I’ll talk about the blessing of isolation and losing my community instead.  How else do you ask for prayer that your terrorist lessens the continued child abuse?  I don’t blame people for not being able to comprehend the depths of my despair.  Rather, I’m grateful that at Called to Peace, I had a safe place to share those requests where everyone understands and there’s no judgment.  They stayed a constant support in my life, as I struggled and grieved as I lost friends and church community.  When my church failed to protect me, I learned so personally that God still would.  When attending the service felt like an exercise in worshipping rightly as I felt watched by the leadership and the friends I’d lost, I learned worshipping God was more than simply being surrounded by your friends while singing wonderful music.  When listening to the same pastor preach about the sinfulness of abuse after he’d been unwilling to identify the terrorist as nothing more than a wayward sheep, I learned I couldn’t rely on any one person to be God’s authority for me other than Jesus himself.  I released the desire for my pastor’s approval or my friends’ acceptance.  


I sought the Lord instead and found him more satisfying and healing than I ever thought possible.  I put the Lord on the throne and started asking him what would bring glory to him.  Not how I could serve my church, not how I could present my case to reluctant friends, not how I could improve my isolation in my present situation by getting a better response from the church.  Then, I did something that could only be described as reckless and ungodly.  I attended a different church’s worship service, secretly.  It was as if I had been walking through the desert and had stumbled upon an oasis.  The first Sunday there, I wept in that church, because I was free to worship.  Complete healing will take a long time- it’s to be expected when the abuse has taken a long time, but even with the turmoil of the courts and church, my worship can be free.  I don’t know what all my future holds, but I see domestic abuse advocacy as part of it. I want to help others as Called to Peace has helped me and is still helping me along the way.  I want them to know they can be free.  Free Indeed!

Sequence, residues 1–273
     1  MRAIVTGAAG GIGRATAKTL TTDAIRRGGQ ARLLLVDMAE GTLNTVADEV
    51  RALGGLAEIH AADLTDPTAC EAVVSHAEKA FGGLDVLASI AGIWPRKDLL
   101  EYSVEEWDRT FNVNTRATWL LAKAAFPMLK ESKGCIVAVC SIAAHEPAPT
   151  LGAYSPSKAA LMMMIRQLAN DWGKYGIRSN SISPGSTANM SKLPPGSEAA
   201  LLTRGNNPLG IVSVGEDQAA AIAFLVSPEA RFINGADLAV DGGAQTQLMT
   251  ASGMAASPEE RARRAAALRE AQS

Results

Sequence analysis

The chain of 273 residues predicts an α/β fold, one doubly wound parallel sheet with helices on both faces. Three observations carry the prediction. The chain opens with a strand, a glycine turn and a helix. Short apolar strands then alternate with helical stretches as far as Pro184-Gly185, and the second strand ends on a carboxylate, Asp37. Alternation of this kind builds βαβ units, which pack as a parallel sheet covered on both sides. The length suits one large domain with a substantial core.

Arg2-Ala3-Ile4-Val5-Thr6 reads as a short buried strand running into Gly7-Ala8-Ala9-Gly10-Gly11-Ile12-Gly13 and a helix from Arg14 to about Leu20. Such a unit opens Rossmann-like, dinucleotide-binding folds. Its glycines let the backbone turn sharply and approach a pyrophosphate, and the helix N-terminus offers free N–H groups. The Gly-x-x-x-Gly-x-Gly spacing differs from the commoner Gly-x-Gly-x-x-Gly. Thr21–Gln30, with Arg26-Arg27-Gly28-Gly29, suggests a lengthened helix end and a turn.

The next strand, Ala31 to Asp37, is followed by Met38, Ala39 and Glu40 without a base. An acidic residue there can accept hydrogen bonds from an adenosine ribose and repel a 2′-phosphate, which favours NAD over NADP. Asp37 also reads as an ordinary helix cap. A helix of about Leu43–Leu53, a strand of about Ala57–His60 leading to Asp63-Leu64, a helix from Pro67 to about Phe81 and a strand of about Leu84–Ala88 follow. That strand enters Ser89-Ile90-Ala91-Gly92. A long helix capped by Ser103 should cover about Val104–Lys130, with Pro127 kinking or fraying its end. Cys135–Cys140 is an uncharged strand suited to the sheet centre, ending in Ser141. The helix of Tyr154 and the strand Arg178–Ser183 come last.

Finding Gratitude

This is a beautiful reminder from my friend Terri that circumstances do not determine our joy.